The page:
Special lane markings and road signs with hidden functionality can make autonomous cars safer and more reliable on the road.
The road is a strange, and oftentimes confusing place as thousands of novels, films and songs have told us. Imagine being an autonomous car trying to parse road markings in different states of decay, the myriad street sign designs and throw in other vehicles on top of it and things quickly become more than a little daunting.
What if instead of forcing autonomous cars to adapt to our crumbling, patchwork infrastructure, we could update that infrastructure with relatively low-cost solutions to make it much simpler for self-driving cars to see? 3M wants to just that with its Connected Roads project.
The idea of "smart roads" isn't especially new, and in the last couple of years, in particular, we've seen a stack of concepts for turning our highways, byways and city streets into something more than flat, stupid concrete. The problem with the bulk of these is that any municipality that chose to implement them would have to spend vast sums of money retrofitting roads with sensors and other gizmos.
3M's idea takes technology and materials that aren't especially different from those already in place, which makes them more cost-effective, and uses them to speak to autonomous cars. One of the ways that's being proposed is by retooling lane markings to be machine-readable by not only changing patterns but also adding the ability to reflect outside the visible spectrum which would make lidar's job easier in inclement weather. 3M scientists are also developing these lane-marking materials to be more durable than what is currently available, leading to reduced costs in the future.
Another change would involve changing road signs to be more reflective, and more easily readable. This would benefit both human drivers and self-driving cars by allowing each to more quickly and easily identify and process information. Specifically-designed 3M smart codes would refer the vehicle back to a central database for regularly updated information on the road. These smart codes are currently being tested and developed by 3M alongside several government agencies.
One of the most significant concerns with autonomous cars is the security of their platforms. The idea of having your vehicle hacked is justifiably frightening and given the slow-to-change nature of infrastructure, putting something in place that isn't hackable makes sense. This is why low-tech solutions like those that 3M proposes to make are so compelling. By eliminating one angle that a hacker could use to attach the system, the system as a whole becomes more defensible, unless someone goes and steals the road sign itself, in which case the vehicle needs to be able to adapt.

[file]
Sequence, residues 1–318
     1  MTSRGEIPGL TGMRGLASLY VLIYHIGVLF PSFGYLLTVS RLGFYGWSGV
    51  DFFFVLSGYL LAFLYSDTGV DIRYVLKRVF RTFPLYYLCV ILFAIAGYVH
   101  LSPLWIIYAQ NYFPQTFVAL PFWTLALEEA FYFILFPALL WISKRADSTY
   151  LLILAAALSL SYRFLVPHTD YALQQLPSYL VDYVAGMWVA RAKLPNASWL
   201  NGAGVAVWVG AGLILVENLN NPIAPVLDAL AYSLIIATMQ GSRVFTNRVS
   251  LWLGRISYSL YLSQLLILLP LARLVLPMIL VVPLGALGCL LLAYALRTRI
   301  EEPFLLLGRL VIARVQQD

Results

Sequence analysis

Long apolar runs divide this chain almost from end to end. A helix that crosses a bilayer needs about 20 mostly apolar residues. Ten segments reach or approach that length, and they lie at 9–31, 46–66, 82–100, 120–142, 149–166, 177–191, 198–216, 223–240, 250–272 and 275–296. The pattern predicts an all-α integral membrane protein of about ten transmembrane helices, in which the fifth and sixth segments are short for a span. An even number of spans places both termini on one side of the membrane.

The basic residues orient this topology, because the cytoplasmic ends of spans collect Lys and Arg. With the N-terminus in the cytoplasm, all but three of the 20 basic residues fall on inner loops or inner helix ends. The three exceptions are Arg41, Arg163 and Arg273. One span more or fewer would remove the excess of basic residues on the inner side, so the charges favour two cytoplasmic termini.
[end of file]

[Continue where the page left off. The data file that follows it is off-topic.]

We realize that on the surface (road pun!) this all sounds less sexy than a solar roadway or pavement with embedded LEDs or fiber-optics or self-heating or cooling functionality or Jetsons cars, but because those ideas all have significant costs attached, they are unlikely to happen on a major scale. Let's face it, there is a reason why our roads suck, and our bridges are terrifying, and it's not because state and local departments of transportation are flush with cash. Keeping costs to a minimum means that these changes would realistically happen as part of routine maintenance rather than a massive project.
3M was able to convince the Michigan Department of Transportation in May of 2017 that this might be the case and as such, Michigan agreed to adopt a pilot program to help test the efficacy of these new road markings and signs along I-75 in Oakland County. Michigan represents a perfect test case because its severe winter weather has traditionally been a real challenge for those designing self-driving cars.
The ideas that 3M is putting forth here seem novel, but they harken back to the mid-nineties when a team working under the name Intelligent Transportation Systems Project wanted to develop a way for snowplows to better see the edges of the roads they were plowing. To do this, the team added magnetic particles to road paint that could be picked up by sensors attached to the plows. The system was pretty effective but wasn't widely adopted by municipalities, and so it was shelved after a couple of years. The team soldiered on, though, making sensors until 2008 when it was closed down. The team was renamed and reactivated in 2017 as the Connected Roads Group.